Skip to Main Content
Centromeres are the site of kinetochore assembly and spindle attachment on a chromosome during meiosis and mitosis. Thus, the proper functioning of centromeres is a prerequisite for faithful segregation of chromosomes, the failure of which is fundamental in a broad spectrum of human diseases. The functional characterization of centromeres on abnormal chromosomes (e.g. mini- and marker chromosomes, B chromosomes and neocentromeres) in a variety of eukaryotes has been highly informative about the epigenetic features of eukaryotic centromeres. However, at the genomic level these special cases seem to differ from the normal, complex centromeres that define eukaryotic species. With the exception of these special cases and the point centromeres of the budding yeast, S. cerevisiae, the centromeres of most multicellular eukarya consist of highly repetitive DNA composed of large arrays of simple satellites and transposable elements, untenable to traditional sequencing technologies and assembly algorithms. As a consequence, complex eukaryotic centromeres have, to date, been virtually intractable to fine scale mapping and sequencing. What has been shown is a lack of conservation of centromeric sequences, even among closely related species, suggesting that the genomic component of eukaryotic centromeres is relatively rapidly evolving and under epigenetic control. Mounting evidence supports the hypothesis that a small RNA component is a crucial part of this epigenetic cascade. Previous work in plants and marsupials has identified centromere specific RNA sequences that are processed into small RNAs. These RNAs are larger than previously described small RNA classes, distinct from the miRNA/siRNA and piRNA size ranges. Given the paucity of genomic information for centromeres from any animal species, we have developed a toolkit that includes bioinformatic and functional assays to define the role these small RNAs play in centromere structure and function. Using massively parallel se- uencing and both genome and repeat-specific analyses, we have evaluated small RNAs from six different primates to further define the function and conservation of this larger size fraction of small RNAs. Among the progenitor sequences, we have identified novel genomic repeats and centromeric elements within the human genome. Expression profiling indicates these small RNAs exhibit variable expression profiles among stem cells and differentiated cells, providing clues to their cellular function and role in the epigenetic control of gene transcription.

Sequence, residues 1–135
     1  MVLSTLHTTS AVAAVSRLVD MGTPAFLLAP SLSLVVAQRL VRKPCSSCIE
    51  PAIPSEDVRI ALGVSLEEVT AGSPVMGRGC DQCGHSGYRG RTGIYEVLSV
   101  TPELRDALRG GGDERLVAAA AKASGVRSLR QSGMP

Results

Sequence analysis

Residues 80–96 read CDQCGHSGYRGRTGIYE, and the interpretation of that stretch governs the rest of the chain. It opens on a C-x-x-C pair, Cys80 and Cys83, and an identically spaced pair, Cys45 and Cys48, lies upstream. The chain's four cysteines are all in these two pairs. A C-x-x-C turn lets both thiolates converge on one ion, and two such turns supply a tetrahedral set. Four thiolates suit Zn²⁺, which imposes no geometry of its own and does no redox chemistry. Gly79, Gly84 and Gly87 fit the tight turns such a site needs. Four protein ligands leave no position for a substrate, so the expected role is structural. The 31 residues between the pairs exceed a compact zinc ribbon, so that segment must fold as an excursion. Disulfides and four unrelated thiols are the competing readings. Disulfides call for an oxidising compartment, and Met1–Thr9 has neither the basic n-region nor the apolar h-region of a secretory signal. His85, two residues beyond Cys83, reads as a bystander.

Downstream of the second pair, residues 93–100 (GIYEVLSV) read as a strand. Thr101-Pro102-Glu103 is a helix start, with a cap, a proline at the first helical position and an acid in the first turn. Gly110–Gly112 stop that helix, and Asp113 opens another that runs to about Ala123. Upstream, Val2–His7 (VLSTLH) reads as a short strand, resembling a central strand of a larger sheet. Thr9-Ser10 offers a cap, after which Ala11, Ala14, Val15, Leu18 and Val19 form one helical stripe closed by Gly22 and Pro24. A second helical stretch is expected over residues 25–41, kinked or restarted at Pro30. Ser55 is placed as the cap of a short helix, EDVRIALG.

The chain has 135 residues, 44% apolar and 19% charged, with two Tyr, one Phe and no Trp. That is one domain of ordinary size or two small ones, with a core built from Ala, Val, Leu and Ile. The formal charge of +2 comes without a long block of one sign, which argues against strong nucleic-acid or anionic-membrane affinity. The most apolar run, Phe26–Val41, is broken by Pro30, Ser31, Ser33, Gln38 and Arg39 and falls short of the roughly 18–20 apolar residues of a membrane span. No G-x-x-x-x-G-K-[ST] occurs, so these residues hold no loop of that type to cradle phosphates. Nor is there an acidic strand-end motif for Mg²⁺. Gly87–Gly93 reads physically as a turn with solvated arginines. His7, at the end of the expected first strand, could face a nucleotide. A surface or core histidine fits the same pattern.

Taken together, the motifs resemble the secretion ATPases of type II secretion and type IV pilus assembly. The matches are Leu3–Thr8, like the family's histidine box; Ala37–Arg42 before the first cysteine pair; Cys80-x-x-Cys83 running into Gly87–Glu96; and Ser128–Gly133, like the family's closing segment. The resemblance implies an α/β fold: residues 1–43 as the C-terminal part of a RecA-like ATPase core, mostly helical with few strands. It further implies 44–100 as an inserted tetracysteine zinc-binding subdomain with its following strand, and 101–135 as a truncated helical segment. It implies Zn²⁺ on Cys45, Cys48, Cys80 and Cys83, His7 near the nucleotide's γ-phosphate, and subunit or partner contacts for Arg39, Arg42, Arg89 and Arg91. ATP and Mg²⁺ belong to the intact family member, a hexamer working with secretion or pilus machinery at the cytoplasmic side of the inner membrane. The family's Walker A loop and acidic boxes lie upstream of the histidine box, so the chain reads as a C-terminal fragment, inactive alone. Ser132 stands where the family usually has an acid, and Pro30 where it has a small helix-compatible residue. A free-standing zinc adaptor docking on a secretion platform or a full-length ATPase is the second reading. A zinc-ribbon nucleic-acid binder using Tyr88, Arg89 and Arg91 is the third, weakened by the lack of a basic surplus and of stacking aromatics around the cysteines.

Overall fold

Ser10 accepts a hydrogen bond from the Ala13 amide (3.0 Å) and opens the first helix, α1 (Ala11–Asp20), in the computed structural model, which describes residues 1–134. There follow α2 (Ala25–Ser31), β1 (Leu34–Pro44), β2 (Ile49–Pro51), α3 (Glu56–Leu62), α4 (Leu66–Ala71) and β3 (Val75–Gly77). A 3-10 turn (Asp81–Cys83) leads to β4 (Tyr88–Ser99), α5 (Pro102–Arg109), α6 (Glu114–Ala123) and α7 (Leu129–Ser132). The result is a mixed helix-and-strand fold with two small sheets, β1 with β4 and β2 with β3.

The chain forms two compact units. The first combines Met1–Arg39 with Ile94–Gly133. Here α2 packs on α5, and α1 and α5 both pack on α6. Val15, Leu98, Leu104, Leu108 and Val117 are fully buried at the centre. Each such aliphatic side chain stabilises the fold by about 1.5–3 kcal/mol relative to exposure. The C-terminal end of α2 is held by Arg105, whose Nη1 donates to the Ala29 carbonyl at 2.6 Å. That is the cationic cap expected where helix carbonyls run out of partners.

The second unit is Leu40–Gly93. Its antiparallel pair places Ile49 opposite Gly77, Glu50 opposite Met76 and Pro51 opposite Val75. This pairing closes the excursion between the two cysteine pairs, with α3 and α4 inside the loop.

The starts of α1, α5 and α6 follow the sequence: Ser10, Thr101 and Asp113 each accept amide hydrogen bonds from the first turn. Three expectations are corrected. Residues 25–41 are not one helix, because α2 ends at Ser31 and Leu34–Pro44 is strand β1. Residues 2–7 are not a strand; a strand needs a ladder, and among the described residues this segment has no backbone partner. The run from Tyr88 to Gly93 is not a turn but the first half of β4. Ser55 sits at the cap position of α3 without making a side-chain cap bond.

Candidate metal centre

Date of Conference: 23-25 Feb. 2012